Details

Qualitative Research Journal, vol. 11 no. 2
Type: Research Article
ISSN: 1443-9883

Keywords

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Article
Publication date: 1 December 2004

Rachel Crane

Film provides an alternative medium for assessing our interpretations of cultural icons. This selective list looks at the film and video sources for information on and…

Abstract

Film provides an alternative medium for assessing our interpretations of cultural icons. This selective list looks at the film and video sources for information on and interpretations of the life of Woody Guthrie.

Details

Collection Building, vol. 23 no. 4
Type: Research Article
ISSN: 0160-4953

Keywords

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Article
Publication date: 1 October 2018

John Alexander McIntyre

The purpose of this paper is to examine the work of Rosemary Benjamin’s Theatre for Children in Sydney as a compelling narrative of the New Education in Australia in the…

Abstract

Purpose

The purpose of this paper is to examine the work of Rosemary Benjamin’s Theatre for Children in Sydney as a compelling narrative of the New Education in Australia in the late 1930s, an historical moment when theatre for children emerged as a cultural experiment rich in educational ideas.

Design/methodology/approach

Contemporary sources and archival records are explored through several interpretive frames to develop a historical account of Benjamin’s Theatre for Children from 1937 to 1957.

Findings

Benjamin’s concept of children’s theatre was shaped by English progressive education as much as the Soviet model she extolled. She pursued her project in Sydney from 1937 because she found there a convivial European emigré community who encouraged her enterprise. They understood her Freudian ideas, which commended the use of the symbolic resources of myth and fairy tales to help children deal with difficult unconscious material. Benjamin also analysed audience reactions applying child study principles, evidence of the influence of Susan Isaacs and the New Education Fellowship. More successful as a Publicist than a Producer, Benjamin was able to mobilise support for her educational cause among performers, parents, cultural figures and educational authorities. Her contribution was to pave the way for those who would succeed with different models of theatre for children.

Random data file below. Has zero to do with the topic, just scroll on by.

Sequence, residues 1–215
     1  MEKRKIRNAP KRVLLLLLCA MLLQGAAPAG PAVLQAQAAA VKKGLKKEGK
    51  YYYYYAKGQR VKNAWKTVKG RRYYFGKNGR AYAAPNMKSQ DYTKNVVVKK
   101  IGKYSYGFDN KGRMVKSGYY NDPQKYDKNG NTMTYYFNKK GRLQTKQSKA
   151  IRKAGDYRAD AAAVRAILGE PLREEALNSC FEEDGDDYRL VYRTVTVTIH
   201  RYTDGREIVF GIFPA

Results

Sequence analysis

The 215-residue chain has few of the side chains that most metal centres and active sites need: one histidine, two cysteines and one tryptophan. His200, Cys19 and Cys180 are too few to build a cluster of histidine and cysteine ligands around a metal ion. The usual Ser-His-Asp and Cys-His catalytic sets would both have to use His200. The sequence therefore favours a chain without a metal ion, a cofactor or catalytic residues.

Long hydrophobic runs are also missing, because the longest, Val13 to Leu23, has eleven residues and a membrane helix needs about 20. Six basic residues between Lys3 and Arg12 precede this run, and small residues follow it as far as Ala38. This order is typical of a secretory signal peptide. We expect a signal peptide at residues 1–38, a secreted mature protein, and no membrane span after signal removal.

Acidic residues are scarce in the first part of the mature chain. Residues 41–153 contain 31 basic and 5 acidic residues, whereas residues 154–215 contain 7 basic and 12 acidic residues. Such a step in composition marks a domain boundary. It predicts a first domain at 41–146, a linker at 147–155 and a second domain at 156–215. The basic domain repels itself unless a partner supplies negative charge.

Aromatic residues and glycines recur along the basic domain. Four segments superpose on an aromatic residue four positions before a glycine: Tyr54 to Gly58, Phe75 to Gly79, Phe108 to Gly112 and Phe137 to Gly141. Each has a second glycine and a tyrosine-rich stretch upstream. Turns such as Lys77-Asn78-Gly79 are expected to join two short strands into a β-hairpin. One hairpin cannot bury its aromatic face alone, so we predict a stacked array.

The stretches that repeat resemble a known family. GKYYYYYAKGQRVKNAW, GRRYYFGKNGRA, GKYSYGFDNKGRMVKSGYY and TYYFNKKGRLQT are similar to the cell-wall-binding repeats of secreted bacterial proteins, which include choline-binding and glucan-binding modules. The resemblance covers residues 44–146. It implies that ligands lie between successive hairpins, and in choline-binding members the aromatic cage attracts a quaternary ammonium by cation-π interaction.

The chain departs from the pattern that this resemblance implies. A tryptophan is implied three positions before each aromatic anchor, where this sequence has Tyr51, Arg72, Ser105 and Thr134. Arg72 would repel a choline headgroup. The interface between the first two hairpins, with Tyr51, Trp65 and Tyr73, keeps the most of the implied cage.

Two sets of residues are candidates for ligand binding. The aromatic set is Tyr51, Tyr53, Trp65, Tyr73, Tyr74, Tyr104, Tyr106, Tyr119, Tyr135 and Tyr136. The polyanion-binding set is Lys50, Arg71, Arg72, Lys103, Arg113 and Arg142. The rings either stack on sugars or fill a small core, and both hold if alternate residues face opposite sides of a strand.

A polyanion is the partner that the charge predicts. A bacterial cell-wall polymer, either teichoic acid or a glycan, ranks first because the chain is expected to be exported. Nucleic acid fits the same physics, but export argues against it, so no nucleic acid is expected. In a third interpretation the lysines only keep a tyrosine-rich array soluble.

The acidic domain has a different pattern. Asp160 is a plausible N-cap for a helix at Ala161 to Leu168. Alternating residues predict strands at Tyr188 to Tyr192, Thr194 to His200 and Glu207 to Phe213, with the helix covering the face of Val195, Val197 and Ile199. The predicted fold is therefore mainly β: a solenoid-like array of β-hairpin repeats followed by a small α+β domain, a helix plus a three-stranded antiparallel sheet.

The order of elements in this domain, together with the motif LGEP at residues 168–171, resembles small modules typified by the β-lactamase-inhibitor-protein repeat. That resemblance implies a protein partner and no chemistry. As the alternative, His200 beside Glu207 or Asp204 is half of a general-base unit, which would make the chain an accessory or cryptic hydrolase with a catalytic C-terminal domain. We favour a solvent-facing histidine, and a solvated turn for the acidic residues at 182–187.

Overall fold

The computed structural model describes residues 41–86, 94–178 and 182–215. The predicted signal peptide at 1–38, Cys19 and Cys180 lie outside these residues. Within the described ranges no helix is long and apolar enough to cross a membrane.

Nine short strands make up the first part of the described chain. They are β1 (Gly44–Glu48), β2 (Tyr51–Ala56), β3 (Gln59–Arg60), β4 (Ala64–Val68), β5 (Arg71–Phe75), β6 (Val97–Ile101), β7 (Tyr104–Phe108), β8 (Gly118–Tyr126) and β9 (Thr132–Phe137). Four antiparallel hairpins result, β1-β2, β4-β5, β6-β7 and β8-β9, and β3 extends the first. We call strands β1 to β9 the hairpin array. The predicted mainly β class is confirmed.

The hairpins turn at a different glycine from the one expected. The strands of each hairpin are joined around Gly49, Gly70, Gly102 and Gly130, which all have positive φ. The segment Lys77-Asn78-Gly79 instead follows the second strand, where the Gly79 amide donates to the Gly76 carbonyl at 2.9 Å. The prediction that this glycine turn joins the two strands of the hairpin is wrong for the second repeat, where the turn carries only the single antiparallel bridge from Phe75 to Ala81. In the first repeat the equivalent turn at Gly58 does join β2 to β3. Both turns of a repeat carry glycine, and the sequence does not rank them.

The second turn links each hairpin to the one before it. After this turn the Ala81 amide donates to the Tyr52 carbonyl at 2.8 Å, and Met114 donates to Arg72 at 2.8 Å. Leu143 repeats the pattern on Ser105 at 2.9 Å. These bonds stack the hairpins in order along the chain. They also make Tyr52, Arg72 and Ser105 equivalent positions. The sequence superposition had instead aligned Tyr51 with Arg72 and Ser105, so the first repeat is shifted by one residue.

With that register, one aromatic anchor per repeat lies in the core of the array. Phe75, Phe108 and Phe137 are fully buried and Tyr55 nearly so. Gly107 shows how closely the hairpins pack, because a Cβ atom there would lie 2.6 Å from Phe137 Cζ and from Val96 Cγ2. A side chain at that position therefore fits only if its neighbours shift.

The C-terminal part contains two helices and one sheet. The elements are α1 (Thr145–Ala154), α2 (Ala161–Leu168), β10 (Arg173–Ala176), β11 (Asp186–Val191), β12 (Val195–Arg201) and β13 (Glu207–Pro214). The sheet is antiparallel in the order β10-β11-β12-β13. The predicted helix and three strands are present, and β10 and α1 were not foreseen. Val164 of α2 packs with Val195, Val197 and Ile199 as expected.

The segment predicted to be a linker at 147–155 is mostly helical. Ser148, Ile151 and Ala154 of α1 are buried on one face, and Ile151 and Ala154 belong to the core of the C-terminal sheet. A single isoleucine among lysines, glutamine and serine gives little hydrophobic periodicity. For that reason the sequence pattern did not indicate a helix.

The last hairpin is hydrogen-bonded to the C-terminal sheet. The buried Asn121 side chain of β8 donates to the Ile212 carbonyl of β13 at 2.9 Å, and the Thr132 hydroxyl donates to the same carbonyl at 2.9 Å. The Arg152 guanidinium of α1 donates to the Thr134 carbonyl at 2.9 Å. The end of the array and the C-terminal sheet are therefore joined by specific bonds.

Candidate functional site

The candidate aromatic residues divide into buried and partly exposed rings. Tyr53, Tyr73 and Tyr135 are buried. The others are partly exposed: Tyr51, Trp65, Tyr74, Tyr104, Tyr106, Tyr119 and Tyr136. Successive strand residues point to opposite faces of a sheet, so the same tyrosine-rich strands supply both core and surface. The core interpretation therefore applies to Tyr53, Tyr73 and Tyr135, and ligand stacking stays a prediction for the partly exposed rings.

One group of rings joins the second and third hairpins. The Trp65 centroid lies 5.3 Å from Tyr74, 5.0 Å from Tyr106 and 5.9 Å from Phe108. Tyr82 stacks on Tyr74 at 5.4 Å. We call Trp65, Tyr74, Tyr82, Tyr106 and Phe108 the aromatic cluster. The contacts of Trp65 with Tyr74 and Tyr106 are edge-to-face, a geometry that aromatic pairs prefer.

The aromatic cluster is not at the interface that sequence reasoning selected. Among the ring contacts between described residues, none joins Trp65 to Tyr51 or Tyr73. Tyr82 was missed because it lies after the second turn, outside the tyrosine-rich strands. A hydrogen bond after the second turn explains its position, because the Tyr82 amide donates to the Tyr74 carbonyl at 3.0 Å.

Originality/value

This is the first study to employ archival sources to document the history of the Theatre for Children, Sydney and address its neglect as a theatre project combining educational and theatrical values.

Details

History of Education Review, vol. 47 no. 2
Type: Research Article
ISSN: 0819-8691

Keywords

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Article
Publication date: 4 December 2017

Bryce Hannibal and Hiroshi Ono

This paper explores the social-behavioral aspects of financial markets. The purpose of this paper is to examine the role of social relations and networks which contributed…

Abstract

Purpose

This paper explores the social-behavioral aspects of financial markets. The purpose of this paper is to examine the role of social relations and networks which contributed to the market crash in the US telecommunications sector in the late 1990s.

Design/methodology/approach

A network theoretic approach is used to examine historical qualitative data. The authors suggest that the network characteristics of financial intermediaries allowed security analysts to control and manipulate information that was disclosed to the investing public.

Findings

The authors find evidence that brokerage locations in the network of actors within the telecommunications market allowed select individuals opportunities to engage in unethical behavior and malfeasance. The authors further highlight the harmful effects of over-embeddedness by illustrating that strong and dense network ties within the financial sector were exploited to distort the flow and reliability of information. The paper concludes with a note on the generalizability of this study and an examination of the current economic-legal structure of Wall Street.

Originality/value

Recently, some economists and network scholars have begun examining social relations more thoroughly in the financial sector. This paper is one of the first that focuses specifically on the role and network location of research analysts prior to a market collapse.

Details

International Journal of Social Economics, vol. 44 no. 12
Type: Research Article
ISSN: 0306-8293

Keywords